Hustle Fund, an early-stage focused venture firm built by former 500 Startups partners Elizabeth Yin and Eric Bahn, is growing into its name.
The firm has steadily grown its assets under management since first launching five years ago. Its first fund closed at $11.5 million, its second fund closed with $33.6 million, and today, it announced the close of its third fund, with $46.1 million in capital commitments.
The fund is Hustle Fund’s biggest standalone investment vehicle to date, and propels the firm’s total AUM to over $125 million. However, Bahn explained that this may be the cap for the quirky seed-stage firm. The outfit wants to keep its fund size small, since, according to its partners, small funds can more easily outperform. In other words, Hustle Fund is less about burnout and chasing after ever-bigger numbers, and more about efficiency and execution.
Hustle Fund’s future funds may hover around $50 million, closed every three years. It’s a strategy that is somewhat counterintuitive to venture at large, which is built on the notion that more is, well, more.
At the same time, there’s a lot less in management fees when you have a smaller footprint. Bahn calls it a “paradox,” but he says his team has a solution to it. Specifically, over the years, the firm has quietly built various revenue streams inside the firm. Its biggest revenue generator is Angel Squad, an initiative that is trying to get more people into angel investing through programming, community and access to the firm’s top deals. Over 902 angels have gone through the program, raising a total of $17 million in aggregate to date, according to Hustle Fund;’s website.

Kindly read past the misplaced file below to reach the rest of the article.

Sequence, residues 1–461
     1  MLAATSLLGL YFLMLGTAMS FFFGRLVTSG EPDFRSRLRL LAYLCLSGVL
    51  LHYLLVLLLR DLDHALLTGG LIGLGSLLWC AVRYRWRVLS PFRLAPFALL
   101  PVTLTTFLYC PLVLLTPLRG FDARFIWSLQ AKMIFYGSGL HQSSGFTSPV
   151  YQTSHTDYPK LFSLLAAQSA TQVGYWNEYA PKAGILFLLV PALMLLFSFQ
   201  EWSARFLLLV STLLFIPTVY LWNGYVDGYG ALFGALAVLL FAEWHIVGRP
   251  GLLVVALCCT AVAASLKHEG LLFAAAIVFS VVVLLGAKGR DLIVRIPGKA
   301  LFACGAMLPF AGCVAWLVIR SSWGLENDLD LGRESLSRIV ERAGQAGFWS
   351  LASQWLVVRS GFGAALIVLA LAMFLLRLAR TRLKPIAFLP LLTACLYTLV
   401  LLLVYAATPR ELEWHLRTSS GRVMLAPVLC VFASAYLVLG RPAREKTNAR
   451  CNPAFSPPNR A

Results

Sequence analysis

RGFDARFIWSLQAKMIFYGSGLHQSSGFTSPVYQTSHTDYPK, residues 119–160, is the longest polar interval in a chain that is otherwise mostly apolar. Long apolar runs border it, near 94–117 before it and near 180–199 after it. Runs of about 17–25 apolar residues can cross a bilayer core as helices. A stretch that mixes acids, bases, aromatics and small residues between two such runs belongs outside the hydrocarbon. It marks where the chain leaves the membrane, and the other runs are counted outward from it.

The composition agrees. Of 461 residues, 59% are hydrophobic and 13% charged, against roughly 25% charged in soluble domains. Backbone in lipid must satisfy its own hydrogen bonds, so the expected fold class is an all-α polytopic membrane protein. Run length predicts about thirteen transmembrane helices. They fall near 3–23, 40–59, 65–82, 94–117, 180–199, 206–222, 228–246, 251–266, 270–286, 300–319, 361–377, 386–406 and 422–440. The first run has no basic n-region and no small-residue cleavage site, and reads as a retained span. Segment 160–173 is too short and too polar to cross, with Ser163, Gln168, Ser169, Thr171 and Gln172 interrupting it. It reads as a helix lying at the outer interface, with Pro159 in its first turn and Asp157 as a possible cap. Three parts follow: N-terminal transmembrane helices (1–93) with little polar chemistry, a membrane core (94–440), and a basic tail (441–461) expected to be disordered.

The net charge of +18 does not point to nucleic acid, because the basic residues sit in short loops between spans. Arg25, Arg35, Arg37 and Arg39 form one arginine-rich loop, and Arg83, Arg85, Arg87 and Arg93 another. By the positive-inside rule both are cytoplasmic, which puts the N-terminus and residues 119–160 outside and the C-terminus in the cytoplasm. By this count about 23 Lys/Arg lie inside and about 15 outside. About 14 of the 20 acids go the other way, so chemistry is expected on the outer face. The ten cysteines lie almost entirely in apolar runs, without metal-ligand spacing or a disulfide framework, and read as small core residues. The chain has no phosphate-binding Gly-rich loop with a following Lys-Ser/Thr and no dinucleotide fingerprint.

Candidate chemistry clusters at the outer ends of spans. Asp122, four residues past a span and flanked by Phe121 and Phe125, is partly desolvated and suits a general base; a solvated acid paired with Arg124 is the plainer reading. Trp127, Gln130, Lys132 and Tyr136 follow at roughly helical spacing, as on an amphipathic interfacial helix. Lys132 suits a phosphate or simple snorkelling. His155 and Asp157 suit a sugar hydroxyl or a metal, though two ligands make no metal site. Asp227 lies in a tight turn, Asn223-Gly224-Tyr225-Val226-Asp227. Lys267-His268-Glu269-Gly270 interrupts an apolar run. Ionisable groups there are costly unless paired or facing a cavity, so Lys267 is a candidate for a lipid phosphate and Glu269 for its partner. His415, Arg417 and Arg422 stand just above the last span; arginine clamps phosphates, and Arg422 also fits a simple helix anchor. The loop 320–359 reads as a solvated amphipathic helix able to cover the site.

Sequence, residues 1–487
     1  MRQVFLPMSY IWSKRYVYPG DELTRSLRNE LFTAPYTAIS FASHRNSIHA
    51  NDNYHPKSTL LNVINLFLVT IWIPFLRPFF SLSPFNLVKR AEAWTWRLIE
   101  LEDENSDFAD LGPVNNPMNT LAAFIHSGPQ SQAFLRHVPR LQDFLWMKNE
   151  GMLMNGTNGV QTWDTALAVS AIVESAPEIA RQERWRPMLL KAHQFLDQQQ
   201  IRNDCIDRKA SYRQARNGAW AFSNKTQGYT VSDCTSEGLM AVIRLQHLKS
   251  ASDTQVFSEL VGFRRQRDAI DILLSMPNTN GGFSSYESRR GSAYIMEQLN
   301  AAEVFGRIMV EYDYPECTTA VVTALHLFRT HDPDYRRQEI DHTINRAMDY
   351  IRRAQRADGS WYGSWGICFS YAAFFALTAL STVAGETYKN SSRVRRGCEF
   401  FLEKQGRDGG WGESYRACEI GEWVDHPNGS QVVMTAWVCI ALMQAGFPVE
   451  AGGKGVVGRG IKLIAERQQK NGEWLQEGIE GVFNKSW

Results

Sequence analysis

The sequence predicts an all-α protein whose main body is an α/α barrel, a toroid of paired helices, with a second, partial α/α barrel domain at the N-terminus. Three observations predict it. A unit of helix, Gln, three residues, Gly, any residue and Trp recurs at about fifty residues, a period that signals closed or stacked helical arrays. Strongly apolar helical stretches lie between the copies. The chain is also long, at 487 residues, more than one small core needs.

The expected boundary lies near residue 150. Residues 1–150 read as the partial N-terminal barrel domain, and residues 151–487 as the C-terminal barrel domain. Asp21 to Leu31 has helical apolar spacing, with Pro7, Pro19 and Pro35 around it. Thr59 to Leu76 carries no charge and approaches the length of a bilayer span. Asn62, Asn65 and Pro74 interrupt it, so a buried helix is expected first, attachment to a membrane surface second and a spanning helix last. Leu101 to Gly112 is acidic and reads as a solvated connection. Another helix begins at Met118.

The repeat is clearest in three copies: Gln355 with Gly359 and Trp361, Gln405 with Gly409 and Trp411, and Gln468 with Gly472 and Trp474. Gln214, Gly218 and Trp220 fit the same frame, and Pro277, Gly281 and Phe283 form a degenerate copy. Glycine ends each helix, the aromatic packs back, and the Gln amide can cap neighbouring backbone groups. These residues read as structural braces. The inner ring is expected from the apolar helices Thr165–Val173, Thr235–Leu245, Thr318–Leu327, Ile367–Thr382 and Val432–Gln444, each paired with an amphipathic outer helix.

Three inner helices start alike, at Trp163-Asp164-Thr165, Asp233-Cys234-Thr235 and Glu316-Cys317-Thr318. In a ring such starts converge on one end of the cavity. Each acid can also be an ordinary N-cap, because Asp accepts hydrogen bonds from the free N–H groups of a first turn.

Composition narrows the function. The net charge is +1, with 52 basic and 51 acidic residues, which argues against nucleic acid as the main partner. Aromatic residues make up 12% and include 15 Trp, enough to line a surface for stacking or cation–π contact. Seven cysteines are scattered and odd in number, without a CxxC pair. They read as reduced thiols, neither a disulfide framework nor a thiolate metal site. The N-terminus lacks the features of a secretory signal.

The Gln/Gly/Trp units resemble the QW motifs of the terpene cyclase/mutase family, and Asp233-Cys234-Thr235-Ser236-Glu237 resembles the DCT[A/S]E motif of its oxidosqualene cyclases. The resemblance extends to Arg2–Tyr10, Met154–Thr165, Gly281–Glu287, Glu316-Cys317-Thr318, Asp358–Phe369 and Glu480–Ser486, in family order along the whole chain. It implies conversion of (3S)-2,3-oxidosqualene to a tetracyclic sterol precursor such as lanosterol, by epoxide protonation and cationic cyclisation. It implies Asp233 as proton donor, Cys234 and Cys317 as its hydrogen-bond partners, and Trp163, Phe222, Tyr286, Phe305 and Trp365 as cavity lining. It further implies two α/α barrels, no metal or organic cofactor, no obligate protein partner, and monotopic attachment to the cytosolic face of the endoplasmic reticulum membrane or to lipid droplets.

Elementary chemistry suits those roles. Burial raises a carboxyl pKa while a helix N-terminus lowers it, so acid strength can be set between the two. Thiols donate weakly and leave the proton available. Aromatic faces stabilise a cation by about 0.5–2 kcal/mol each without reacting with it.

Other revenue streams include general startup and advice programming, merchandise, and an annual summer camp for founders.
Not all of it has worked as hoped: Bahn admits that Hustle Fund used to run a revenue based financing fund called Flywheel, but shut it down due to economics being too small. In total, these revenue streams pay many of the firm’s costs while enabling it to invest at the stage and smaller check size where it feels most comfortable.
“It feels like a bit of a cheat code. Almost like being like a featherweight boxer but pumped with anabolic steroids, in terms of being able to have the bite,” he said. “It just allows us to not do things like raise a lot of money just for the management fees.” The firm uses its existing management fees to fund salaries and general fund operations, but then uses the supplemental revenue to scale.
Today, Hustle Fund employs 24 people. The firm declined to offer specifics on how much its non-investment-related revenue totals but said that it crossed a ‘seven-figure’ threshold.
Image Credits: Hustle Fund
While the firm-meets-startup play gets to break new ground with its new fund, its sticking to the same strategy for investment. Hustle Fund writes $50,000 checks, up from $25,000 prior, into a lot of early-stage teams and then works with them on growth and customer acquisition projects. If “we really vibe together,” Bahn explains, the fund makes a bigger investment with its second check.
“We’re deploying capital in a fairly efficient way,” Yin said. “You want to test some initial hypothesis to see if there’s a need if there’s a need, and if there is a need, and the founder seems to be great, then we’re pouring in more capital.” In other words, she added, she’s not looking for startups who are going to pivot around with $5 million in the bank.
So far, the plan is working. Among the firm’s top bets include Webflow, which last raised at a $4 billion valuation, Nerdwallet, which went public last year, Karat, Bicycle Health and Forage. The firm has almost invested in 400 startups, with at least 30% of its investments led by women.